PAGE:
Wrong, wrong, wrong. Oh, pooh. Steve wasn't written to be right or wrong. Yes, he wanted to get out of the hospital. Yes, he wanted to get back to Los Angeles. Yes, he wanted to act again. The stage awaited him. But he had too many bad run ends. Especially in NYC. A guy tried to attack him with a screw driver, he was barabarra. "What the fuck man. Your screaming and I'm trying to cut hair." The barabara from Spain or some country near Spain, or perhaps it was the Middle East, but anyway, it didn't matter, he could not tell his origin, dark skin, thin lips, bad breath, skinny as a rail, yelling and yelling about this and that, "Get the fuck out of here. You don't belong down here." The barabara commanded. He owned a barabara shop upstairs above the attic. Steve was underneath a dorm practicing cat calls and singing strengthening. He was working like past Stanislavski needed him to. He had to. The barabara continued yelling in his face, throwing chairs and storming up a huge fit. "Do you realize what you just did?" Steve asked. "SHUT UP." The barabara added. Steve backed up and slowly walked off, keeping eye contact the whole time. See, two cats, while fighting, have a playground rules. The first cat to walk off is not the loser. The first cat to walk backwards, keep eye contact and calmly make his way to safe ground, IS the winner. The cat that loses control and turns to aggression loses. In cat fighting, the winner is not the attacker, it is the cat with the most control. The smarter cat finds safe ground and drops the threatening routine. The barabara was out of control. Screw driver raised. Fierce squinchy face. Hard tone. He was waisting energy. "No problem." Steve insisted, "I'll be fine elsewhere." Steve made his way toward the attic elevator door. "If you come down here again. I'll shoot you." The barabara added. Steve made his way to the laundry room to the elevator shaft, passing various cans of morter, paste and so on. He pushed the elevator door button. "Stay gone." The barabara yelled and slamed the opposite door leading to the storage room. There were two ways to get down to the basement floor. One was the hallway door. It lead to a long thin hallway which ended at the storage room for the hair saloon. It was connected to the dorms. In the long thin hallway was a door that lead to the maintenance room. It was full of buckets, screws, trash bags, cans, rakes, boards, tables, and broken furniture. Also, there was bags of beer and soda cans for recycling. Everything was down there even the kitchen sink, hell the kitchen was down there. Anyway, Steve felt the place had a curse. I did. Any place that is full of screws is cursed. Steve had just finished digging through a clear jumbo size trash bag full of dinner rolls, French bread and various restaurant loafs. He had no money. No food. So, he turned to the toss outs. He tore a small hole in the clear bag and snagged a few loafs. Right there in the evening rays. Right there infront of the public on Park Avenue and Twenty first. It was that or go hungry. He had already fasted for two days. He was so weak he was about to drop. He had to do it. Plus, he had homework. How was Steve supposed to do homework with out food. His acting class had assigned him voice lessons and tons of sensory exercises and historical reading. He was running low on energy. He needed it. The clear bag infront of the corner bakery swiftly cracked open with a jotting jab of his index finger. He stuck the loaf into his jacket and walked down twenty first street. He had retrieved a French and a Italian loaf. He stuck the key into the front door, walked through the lobber and hit the elevator key. He returned to the dorm, heated the bread in toaster oven and filled a bowl of water half full. It was so rock stiff he could barely break it into. He took the heated halft French loaf out of the toaster and cracked it into short pieces. Next, he soaked the crusty bread into the plastic half filled bowel and stuffed it in his mouth. He took in too large of pieces. It was more than what he needed. His hunger had got the best of him. It didn't matter now. He was alone, scared and hungry. The worst three combinations and the best to have in the big city.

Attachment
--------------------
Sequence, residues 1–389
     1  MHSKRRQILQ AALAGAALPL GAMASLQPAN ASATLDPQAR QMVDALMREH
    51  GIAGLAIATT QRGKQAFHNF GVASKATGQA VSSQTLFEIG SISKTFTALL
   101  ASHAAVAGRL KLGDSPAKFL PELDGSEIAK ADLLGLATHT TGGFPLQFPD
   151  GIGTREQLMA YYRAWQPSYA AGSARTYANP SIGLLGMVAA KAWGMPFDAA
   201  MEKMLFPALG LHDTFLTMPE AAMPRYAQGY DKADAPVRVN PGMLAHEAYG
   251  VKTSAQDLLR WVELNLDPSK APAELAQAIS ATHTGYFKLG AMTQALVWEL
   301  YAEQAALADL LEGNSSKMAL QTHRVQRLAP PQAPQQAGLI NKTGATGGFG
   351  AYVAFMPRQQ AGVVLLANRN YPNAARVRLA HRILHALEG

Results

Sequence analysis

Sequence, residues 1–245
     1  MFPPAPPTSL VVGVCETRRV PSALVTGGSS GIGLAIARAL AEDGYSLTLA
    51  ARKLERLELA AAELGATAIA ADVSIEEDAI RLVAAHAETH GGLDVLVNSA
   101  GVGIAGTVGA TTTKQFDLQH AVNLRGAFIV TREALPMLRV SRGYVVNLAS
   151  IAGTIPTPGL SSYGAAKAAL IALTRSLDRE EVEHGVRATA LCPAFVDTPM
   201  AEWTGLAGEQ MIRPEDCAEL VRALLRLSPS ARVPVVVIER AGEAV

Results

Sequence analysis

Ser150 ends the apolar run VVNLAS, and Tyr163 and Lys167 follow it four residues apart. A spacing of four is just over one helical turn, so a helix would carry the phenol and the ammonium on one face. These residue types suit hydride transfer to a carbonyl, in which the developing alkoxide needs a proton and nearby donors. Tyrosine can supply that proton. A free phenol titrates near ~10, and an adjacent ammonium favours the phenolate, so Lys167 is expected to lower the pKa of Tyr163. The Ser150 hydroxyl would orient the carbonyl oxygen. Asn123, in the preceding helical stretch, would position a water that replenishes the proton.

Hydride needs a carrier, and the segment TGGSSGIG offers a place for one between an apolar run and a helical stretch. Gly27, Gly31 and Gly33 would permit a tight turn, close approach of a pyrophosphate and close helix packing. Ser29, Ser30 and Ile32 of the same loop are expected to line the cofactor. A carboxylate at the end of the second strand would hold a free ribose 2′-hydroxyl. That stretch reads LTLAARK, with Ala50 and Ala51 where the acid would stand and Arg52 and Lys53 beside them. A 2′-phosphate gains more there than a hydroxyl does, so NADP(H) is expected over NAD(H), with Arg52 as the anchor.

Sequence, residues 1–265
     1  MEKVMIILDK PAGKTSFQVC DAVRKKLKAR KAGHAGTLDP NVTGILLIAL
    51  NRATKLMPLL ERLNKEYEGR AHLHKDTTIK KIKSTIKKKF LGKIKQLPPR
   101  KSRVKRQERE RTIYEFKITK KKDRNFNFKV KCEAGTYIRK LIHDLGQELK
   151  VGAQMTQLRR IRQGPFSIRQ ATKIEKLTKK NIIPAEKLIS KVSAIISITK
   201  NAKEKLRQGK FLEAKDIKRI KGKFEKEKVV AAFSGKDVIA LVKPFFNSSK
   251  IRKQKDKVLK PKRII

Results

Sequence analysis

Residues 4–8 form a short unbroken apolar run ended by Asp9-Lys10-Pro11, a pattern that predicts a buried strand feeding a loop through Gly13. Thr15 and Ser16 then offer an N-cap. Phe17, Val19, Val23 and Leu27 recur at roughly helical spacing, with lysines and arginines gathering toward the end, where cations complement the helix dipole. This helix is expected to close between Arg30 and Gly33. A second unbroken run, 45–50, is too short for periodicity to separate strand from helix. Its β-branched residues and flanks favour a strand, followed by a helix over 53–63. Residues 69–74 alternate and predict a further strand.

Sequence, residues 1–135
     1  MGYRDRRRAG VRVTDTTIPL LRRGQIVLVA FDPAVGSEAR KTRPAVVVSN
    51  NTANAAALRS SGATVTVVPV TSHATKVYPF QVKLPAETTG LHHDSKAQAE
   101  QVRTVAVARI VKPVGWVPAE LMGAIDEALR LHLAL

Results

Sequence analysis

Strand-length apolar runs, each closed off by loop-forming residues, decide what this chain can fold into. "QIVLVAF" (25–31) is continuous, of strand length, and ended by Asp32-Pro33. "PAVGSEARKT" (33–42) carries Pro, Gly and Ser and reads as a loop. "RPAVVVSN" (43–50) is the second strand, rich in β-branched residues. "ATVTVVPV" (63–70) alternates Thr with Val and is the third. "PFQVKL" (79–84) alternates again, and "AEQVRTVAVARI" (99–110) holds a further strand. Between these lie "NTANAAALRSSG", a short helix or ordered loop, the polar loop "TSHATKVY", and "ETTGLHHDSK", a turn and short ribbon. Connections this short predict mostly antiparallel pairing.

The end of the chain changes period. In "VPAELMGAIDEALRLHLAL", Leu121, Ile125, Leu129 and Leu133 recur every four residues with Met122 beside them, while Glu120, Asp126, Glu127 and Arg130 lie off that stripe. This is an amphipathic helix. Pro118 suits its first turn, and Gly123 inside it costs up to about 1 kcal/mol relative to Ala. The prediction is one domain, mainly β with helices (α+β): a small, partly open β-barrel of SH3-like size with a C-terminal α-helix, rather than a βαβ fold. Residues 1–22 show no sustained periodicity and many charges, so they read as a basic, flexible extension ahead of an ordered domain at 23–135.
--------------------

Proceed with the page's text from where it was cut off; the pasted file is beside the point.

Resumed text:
"Sir. Lunch time." The soft spoken nurse said waking Steve out of his memory. Steve was sitting day dreaming about the Big Apple and his adventures with stale bread.